Offensive coordinator Dowell Loggains thought that first incompletion put Fitzpatrick into a “funk” it took a long while for him to emerge from.
By the time the Titans went to the locker room for intermission, Fitzpatrick was five for 14 for 31 yards and a 44.3 passer rating. The Titans were down 13-0 and had just three first downs.
“I just didn’t play well early,” Fitzpatrick said. “I was trying to feel the game out rather than go out there and taking it. I think that was part of it.”
He came to life a bit, to his credit, in the second half.
Escaping from a collapsing pocket, he flicked a ball to Chris Johnson and Johnson, finally in some open space, cut across the field and went for a 49-yard scoring reception.
“That’s just on the fly,” Fitzpatrick said. “I’m kind of running around and saw CJ getting up off the ground and threw it to him and you know, obviously, his specialty is when he gets in space, so he made a nice little run.”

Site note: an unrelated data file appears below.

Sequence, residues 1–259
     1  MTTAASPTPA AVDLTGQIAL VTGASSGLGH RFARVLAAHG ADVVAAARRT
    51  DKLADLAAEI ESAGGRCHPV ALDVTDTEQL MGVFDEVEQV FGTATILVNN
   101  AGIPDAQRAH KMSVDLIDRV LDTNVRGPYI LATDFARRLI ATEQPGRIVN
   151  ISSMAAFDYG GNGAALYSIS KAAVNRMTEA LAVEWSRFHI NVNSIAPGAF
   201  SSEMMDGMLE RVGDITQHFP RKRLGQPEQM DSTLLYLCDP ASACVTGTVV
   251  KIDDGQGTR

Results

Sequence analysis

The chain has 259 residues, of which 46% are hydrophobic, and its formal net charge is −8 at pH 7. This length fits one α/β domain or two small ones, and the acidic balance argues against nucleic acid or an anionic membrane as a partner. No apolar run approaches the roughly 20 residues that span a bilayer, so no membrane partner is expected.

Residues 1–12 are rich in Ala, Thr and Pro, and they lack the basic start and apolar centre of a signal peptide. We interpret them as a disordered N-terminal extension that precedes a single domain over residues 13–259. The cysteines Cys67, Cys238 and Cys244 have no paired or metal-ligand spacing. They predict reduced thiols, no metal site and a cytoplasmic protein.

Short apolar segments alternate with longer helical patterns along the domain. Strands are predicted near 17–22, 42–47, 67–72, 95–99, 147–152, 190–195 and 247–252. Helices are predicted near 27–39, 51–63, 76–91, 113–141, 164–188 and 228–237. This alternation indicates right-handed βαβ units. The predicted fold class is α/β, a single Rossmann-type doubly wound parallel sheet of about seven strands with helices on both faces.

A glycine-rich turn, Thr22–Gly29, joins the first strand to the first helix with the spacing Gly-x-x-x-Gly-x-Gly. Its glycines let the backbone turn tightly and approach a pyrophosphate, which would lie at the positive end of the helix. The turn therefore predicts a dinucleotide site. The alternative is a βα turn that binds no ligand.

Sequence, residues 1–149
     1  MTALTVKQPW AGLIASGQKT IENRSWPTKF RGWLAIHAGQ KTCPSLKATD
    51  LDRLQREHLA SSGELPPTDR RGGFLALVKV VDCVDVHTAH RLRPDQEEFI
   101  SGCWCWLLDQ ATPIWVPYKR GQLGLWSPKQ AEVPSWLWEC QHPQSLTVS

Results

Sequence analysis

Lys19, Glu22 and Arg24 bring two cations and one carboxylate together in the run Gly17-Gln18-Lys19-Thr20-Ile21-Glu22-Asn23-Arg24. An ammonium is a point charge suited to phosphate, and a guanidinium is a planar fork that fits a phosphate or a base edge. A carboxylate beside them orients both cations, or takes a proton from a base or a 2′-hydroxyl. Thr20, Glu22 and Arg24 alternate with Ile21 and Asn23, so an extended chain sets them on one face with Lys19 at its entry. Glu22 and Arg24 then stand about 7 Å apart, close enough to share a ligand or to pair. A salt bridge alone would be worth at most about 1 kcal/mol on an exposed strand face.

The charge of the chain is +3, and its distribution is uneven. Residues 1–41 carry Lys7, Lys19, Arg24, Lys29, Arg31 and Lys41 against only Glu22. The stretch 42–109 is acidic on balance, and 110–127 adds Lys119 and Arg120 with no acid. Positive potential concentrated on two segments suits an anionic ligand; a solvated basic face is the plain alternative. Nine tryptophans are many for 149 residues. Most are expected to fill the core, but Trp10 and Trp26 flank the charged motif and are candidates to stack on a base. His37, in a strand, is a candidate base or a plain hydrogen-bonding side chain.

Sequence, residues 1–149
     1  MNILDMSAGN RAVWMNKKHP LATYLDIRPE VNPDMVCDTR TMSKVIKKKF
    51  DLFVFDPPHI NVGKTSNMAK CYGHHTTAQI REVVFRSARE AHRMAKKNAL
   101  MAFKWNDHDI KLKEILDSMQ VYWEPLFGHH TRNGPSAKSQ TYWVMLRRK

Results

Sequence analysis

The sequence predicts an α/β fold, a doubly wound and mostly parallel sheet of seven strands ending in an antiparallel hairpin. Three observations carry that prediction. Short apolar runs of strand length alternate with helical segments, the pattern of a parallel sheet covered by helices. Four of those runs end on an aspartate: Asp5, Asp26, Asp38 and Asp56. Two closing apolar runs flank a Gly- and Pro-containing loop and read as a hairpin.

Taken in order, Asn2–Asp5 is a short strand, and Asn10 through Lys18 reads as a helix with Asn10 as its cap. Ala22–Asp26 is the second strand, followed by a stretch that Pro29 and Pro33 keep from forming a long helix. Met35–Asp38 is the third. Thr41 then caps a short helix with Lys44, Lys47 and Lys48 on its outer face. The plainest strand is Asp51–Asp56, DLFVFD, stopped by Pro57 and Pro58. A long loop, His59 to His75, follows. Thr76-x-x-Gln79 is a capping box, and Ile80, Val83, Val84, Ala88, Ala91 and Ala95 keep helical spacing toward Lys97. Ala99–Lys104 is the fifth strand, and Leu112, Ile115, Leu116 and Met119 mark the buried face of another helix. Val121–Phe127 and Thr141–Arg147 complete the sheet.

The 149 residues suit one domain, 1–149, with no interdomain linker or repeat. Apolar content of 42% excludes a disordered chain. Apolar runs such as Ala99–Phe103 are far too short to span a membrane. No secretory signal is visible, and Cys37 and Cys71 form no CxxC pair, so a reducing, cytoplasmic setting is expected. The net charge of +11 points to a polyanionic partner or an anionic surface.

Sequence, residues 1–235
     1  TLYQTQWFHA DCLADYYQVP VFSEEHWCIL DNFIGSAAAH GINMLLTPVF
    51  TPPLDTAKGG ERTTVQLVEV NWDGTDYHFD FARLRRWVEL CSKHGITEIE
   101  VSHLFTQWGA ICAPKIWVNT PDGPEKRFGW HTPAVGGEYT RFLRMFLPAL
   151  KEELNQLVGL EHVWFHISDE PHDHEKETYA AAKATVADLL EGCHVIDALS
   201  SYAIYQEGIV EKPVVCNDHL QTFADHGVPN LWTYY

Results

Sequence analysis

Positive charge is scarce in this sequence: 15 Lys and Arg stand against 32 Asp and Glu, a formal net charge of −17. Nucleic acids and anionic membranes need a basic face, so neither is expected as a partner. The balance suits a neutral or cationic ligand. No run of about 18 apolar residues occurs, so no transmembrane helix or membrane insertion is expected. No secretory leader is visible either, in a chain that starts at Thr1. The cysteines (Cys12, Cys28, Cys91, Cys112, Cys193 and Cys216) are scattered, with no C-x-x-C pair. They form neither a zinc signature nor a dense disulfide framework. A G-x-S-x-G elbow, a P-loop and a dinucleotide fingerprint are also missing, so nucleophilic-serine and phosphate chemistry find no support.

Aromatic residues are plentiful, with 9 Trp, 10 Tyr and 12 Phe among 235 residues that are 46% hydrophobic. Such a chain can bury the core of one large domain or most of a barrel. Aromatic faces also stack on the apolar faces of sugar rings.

Still, after four games without a turnover, the Titans gave away a fumbled punt early and Fitzpatrick threw two interceptions in the second half.
He ended the game with 247 passing yards, two more than Kansas City's Alex Smith. But Fitzpatrick had just a 57.7 passer rating.
That hardly picked up where Jake Locker, who had gotten better in each of his four games, left off. Locker was on the sideline on crutches following a sprained knee and hip suffered last week in a victory against the New York Jets.
All the talk of the backup getting back into game speed has to be over now.
The Titans blew a chance to get to 4-1. Now they make the toughest road trip in the NFL for a game in Seattle.
Fitzpatrick has a reputation as a streaky player. In his first game substitution for Locker, he was mostly bad.
He’ll probably have to be better than mostly good for the Titans to pull an upset in the Pacific Northwest and avoid going 3-3.